NEW YORK (CNNMoney) -- U.S. stocks were headed for a higher open Tuesday, following some upbeat comments about Europe and a mildly decent start to quarterly earnings reports.
Fitch Ratings said Europe is on the right path and officials reiterated that France was unlikely to face a downgrade this year.
"Europe seems cautiously positive and we have more earnings later this week," said Stan Bokov, chief operations of TradingView. "That will be determining the day ahead."
Dow Jones industrial average (), S&P 500 ( ) and Nasdaq ( ) futures rose about 0.9% ahead of the opening bell. Stock futures indicate the possible direction of the markets when they open at 9:30 a.m. ET.
While no major corporate reports are scheduled for Tuesday, the rest of the week will bring reports from Lennar (Fortune 500).), and JPMorgan Chase ( ,
Overall, earnings for companies in the S&P 500 are expected to be up 7.5% in the final three months of 2011 versus the same period in 2010, according to research from S&P Capital IQ.
Meanwhile, investors found comfort in Fitch's comments about Europe.
"The unwinding of the imbalances that led to the crisis is well underway and the headwinds ... should being to ease towards the end of the year," said David Riley head of Fitch's sovereign group, at a presentation in London.
On the sidelines of the presentation, Fitch officials also reiterated the agency's December stance that it doesn't plan to downgrade AAA-rated France this year.
Fitch's head of ratings also indicated there's a "significant chance" of a downgrade for Italy. The ratings agency plans to make a decision on all of the European countries it currently has on negative watch, by the end of the month.
Stocks managed to eke out gains Monday as investors remained on edge about Europe's ongoing crisis, while bracing for corporate earnings.
World markets: Britain's FTSE 100 ( ) gained 1.1%, the DAX ( ) in Germany added 2.3% and France's CAC 40 ( ) climbed 2.4%.
European bank shares traded on the New York Stock Exchange also posted solid gains early Tuesday. Deutsche Bank () climbed 5.4%, UBS ( ) added 3.2% and Credit Suisse ( ) gained 2.7% in premarket trading.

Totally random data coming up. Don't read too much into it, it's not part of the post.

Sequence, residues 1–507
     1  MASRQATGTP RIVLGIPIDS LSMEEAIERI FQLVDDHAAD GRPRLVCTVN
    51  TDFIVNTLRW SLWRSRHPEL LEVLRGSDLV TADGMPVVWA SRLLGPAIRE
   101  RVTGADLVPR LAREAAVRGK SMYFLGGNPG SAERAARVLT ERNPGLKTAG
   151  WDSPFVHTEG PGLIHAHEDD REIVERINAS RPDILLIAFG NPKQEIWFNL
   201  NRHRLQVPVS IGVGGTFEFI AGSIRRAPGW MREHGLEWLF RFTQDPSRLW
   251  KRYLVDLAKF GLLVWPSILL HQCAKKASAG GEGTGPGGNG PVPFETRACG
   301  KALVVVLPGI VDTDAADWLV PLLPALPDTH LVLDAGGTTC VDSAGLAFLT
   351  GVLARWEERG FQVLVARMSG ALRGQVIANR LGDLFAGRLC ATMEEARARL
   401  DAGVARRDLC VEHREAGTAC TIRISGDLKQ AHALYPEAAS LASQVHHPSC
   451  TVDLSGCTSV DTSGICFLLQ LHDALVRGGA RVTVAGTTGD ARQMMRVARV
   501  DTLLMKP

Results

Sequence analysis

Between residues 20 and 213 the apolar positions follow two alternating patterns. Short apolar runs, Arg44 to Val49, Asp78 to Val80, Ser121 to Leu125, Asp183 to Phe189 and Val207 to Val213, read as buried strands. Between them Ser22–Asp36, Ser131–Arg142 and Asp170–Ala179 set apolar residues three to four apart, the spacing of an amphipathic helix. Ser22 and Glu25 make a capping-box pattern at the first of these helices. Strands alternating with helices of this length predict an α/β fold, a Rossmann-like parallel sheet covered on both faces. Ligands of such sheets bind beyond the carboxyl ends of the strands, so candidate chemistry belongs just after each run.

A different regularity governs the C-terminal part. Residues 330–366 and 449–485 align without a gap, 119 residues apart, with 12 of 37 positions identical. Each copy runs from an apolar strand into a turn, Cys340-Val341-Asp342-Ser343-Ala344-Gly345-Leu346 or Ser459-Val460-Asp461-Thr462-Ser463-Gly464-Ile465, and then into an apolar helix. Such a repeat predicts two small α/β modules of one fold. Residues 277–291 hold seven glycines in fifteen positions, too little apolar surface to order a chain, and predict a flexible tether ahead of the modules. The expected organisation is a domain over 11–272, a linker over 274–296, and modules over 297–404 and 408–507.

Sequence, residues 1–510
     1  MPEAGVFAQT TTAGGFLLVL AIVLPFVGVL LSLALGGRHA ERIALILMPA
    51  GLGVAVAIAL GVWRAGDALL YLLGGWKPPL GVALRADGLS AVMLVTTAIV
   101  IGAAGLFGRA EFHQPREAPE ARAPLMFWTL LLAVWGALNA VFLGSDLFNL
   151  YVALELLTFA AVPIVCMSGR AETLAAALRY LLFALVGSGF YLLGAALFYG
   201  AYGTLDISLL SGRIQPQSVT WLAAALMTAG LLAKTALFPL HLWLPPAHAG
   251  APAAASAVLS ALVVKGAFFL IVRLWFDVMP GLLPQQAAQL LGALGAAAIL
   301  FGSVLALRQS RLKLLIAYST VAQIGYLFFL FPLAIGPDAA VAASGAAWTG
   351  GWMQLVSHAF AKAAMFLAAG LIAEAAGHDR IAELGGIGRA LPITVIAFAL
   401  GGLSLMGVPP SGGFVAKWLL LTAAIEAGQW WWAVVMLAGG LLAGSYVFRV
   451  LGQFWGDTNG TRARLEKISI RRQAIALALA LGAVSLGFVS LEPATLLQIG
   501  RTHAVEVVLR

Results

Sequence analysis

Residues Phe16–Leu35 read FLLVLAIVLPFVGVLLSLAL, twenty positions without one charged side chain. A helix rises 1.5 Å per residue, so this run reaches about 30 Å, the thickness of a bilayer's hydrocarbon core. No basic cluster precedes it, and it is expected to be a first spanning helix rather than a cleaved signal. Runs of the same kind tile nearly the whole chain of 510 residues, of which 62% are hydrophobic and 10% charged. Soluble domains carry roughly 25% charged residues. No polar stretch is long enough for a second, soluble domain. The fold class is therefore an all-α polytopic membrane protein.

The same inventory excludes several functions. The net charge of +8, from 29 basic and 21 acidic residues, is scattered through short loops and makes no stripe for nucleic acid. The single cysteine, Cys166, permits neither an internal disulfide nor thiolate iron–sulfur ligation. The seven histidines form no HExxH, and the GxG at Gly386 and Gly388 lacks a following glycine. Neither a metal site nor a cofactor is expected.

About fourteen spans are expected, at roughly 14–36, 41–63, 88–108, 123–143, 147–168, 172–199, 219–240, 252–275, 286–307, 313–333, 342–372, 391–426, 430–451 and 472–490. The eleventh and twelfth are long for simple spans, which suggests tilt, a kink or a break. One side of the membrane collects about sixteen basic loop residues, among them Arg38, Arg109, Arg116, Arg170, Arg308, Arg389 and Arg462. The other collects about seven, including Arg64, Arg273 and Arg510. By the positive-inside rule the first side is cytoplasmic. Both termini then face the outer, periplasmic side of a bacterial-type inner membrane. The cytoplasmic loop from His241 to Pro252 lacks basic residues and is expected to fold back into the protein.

Asian markets ended higher. The Shanghai Composite () rose 2.7%, while the Hang Seng ( ) in Hong Kong ticked up 0.7% and Japan's Nikkei ( ) added 0.4%.
Shares of Tiffany () slid 7% in premarket trading after the luxury retailer cut its outlook for the year, blaming weak holiday sales in the United States and Europe.
On the upside, Lululemon Athletica's () stock jumped 10% after the apparel maker raised its fourth-quarter earnings guidance.
Liz Claiborne () shares tumbled 4.3% in premarket trading, after the apparel company lowered its 2012 outlook and announced the departure of its chief financial officer, Andrew Warren. Warren is leaving the company to work as CFO at Discovery Communications ( ).
Liz Claiborne is changing its name to Fifth & Pacific Companies, and will trade under the ticker symbol FNP starting in May. The company sold its namesake brand toJ.C. Penney (Fortune 500) in October.,
Shares of GlaxoSmithKline () fell 1.6% following reports that the drugmaker was trying to sell the remainder of its over-the-counter brands as soon as possible. Last month, Glaxo sold brands, including Beano and Ecotrin, to Comet and Pediacare maker Prestige Brands Holdings ( ) for $660 million.
Economy: The Census Bureau will release data on wholesale inventories for the month of November on Tuesday morning. Analysts surveyed by Briefing.com expect inventories to have increased by 0.6% in November, after expanding by 1.6% in October.
Consumer credit increased by $20.4 billion in December, according to data released Monday by the Federal Reserve. It was the biggest jump since 2001.
Oil for February delivery added $1.65 to $102.96 a barrel.
Gold futures for February delivery gained $25.60 to $1,633.70 an ounce.
Bonds: The price on the benchmark 10-year U.S. Treasury fell, pushing the yield up to 1.98% from 1.96% late Monday.
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